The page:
Oct. 5, 2011 at 2:19 PM ET
Okay, okay, you wanted some kind of super-awesome phone yesterday, and you got what looked like the phone that's been out 16 months. You wanted, nay, deserve an iPhone 5. And you'll get it. Next year. But some people really need a phone now, and shouldn't wait.
Time to buy an iPhone 4S?
I suspect that Apple will snap back to its mid-summer launch schedule next year, and have a fully redesigned, larger-screened, 4G-compatible iPhone 5 out then — and no sooner. That's a long wait, especially for people who have already been waiting. And while it's a big expense, it's your phone, your camera, your camcorder, your personal information manager, your media player and your GPS navigator all rolled into one. It replaces so many other gadgets, it's worth spending money on.
But there are people who should keep waiting, and others who should go for it now. I am going to buy one, because I want the 8-megapixel camera and the Siri voice-activated personal assistant, and I have been waiting to leave AT&T, because calls drop constantly in my home. A Verizon global iPhone is what makes sense for me, even if it still doesn't have simultaneous talk and Web access. I will bite. Will you? Here are my suggestions:
Why no iPhone 5 now?
Bear in mind, this was no last-minute bait-and-switch. It's pretty clear now that Apple was going with a 4S for 2011 all along. The thing that threw off everybody (including me) was the delay. If Apple had held an event in June, like they have the past four years, speculation would have been more centered around a 4S model. After all, we knew Apple wasn't excited about jumping into 4G this year, since it can have battery drain and other network-related issues. And aside from that and a larger screen, today's leading Android phones hold no particular competitive advantage over the 4S.
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Apple probably delayed the 4S launch to give Verizon time to sell the iPhone 4 — it would have been a dirty move to let Verizon in on iPhone 4, then drop new phones on them just four months later. Steve Jobs' departure (and Tim Cook's ascension) was just a coincidence, one that had no impact on the product release. Make no mistake, this was a Steve Jobs-approved move, made months before he resigned.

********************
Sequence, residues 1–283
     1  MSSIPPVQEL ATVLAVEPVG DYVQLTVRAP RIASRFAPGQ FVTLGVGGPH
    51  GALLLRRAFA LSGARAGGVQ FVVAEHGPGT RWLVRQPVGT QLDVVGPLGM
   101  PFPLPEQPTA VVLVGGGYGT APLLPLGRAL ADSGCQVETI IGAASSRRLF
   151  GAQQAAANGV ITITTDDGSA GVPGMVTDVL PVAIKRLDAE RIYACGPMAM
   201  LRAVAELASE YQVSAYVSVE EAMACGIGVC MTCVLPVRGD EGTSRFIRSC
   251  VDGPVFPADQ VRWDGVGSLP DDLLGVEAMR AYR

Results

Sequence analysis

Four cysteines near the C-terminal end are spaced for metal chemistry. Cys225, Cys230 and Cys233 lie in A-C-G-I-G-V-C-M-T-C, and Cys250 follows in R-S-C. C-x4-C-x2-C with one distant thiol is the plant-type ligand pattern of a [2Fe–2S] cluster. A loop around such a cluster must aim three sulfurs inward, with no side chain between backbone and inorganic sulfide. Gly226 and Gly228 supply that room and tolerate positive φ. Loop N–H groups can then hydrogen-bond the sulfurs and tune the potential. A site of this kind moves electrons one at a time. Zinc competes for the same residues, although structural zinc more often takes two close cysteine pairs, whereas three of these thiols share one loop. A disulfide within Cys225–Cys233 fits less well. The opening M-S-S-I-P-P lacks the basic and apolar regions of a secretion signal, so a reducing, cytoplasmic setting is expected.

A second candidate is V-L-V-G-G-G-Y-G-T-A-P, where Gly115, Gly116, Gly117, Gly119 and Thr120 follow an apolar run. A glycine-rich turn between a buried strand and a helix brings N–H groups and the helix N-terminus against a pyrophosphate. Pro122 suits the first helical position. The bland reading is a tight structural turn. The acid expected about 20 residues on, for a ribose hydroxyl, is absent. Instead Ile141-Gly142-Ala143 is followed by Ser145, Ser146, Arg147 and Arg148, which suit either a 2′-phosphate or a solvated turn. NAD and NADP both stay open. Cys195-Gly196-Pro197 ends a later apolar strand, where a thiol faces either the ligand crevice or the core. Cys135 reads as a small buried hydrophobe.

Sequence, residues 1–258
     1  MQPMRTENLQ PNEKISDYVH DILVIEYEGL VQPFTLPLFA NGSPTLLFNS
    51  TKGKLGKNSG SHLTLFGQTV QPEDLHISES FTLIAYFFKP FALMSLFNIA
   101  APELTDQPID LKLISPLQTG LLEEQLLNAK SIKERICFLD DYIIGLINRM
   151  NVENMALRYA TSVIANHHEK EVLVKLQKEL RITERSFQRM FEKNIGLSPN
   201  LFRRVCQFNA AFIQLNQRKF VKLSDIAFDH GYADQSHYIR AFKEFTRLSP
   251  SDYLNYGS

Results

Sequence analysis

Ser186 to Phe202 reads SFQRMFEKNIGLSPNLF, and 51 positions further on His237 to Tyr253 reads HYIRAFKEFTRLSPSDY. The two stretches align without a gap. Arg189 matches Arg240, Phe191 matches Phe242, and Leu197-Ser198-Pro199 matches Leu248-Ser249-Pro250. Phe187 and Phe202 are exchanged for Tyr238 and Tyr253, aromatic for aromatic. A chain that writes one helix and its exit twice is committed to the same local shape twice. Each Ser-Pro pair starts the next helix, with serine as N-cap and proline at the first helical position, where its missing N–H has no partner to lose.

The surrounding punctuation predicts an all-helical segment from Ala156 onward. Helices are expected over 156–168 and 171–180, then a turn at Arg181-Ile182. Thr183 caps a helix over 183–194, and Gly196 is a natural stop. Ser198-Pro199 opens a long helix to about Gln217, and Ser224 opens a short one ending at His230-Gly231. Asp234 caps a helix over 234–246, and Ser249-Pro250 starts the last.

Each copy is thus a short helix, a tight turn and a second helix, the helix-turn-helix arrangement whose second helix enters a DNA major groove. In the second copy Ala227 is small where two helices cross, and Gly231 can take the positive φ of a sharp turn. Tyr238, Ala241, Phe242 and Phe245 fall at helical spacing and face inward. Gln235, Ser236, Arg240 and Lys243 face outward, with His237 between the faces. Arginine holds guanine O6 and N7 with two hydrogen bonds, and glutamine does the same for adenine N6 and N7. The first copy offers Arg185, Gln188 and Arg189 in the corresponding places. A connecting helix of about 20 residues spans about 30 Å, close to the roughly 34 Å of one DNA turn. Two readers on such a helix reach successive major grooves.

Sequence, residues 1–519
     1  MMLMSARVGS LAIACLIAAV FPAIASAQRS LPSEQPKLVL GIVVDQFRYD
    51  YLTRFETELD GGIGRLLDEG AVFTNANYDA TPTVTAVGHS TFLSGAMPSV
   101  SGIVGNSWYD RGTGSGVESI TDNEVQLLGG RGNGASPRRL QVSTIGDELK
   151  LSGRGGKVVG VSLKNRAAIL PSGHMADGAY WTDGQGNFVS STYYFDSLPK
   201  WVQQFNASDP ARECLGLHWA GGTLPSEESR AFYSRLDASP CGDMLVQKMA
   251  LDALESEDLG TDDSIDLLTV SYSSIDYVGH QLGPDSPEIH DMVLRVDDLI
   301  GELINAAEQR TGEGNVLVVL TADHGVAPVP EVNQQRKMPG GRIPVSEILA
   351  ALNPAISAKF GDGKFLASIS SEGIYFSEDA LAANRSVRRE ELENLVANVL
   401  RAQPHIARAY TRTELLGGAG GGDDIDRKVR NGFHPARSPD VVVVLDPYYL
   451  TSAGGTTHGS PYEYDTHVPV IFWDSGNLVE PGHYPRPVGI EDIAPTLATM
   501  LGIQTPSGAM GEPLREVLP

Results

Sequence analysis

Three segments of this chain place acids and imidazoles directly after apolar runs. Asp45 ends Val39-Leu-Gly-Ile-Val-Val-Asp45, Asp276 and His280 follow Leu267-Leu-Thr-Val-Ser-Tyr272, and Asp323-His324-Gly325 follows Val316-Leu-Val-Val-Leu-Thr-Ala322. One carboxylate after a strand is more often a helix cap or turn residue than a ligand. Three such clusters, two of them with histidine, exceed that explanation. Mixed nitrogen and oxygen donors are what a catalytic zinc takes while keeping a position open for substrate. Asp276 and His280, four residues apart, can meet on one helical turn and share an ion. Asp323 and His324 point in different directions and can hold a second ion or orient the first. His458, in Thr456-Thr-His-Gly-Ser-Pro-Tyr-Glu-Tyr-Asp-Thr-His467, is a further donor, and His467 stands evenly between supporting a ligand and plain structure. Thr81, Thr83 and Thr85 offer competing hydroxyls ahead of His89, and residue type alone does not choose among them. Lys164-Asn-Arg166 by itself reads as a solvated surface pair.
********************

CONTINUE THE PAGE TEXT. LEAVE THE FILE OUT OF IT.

Fully redesigning a phone takes a huge amount of resources, and is likely something that Apple won't do every year. However real or imagined the Antennagate scandal was — where people criticized the iPhone 4 antenna design for dropping calls on AT&T — it's an illustration of the danger of the new look. Better to release a model then spend your resources improving it for the following year, like they have with the 4S.
And while carriers like to sell shiny new products, it's not in their interest to have a new look every year either. Apple's phones are so desired that current iPhone owners want to upgrade to the next model. But carriers need you to keep paying for the same phone for nearly two years in order to pay off the full cost of the phone. Offering every customer upgrade pricing yearly, for every new iPhone costs carriers money and resources (and so does fielding a flood of complaints for not offering it).
The 4S is no slouch, folks. In fact, for the greater audience, the only popularly demanded feature it's missing is a larger screen. Most people won't notice the 8-megapixel camera, dual-core processor, HDMI high-def video output and bumped-up GSM data performance (for AT&T customers), so why would they notice 4G or near-field communication or some of the other rumored technologies that were left out?
While the 4S fallout is understandable, it's an overreaction. Apple is as much a fashion designer as it is a tech company and entertainment retailer, and the company's leadership has to understand that this, more than anything, was the cause.
More on the newest member of the iPhone family, from msnbc.com: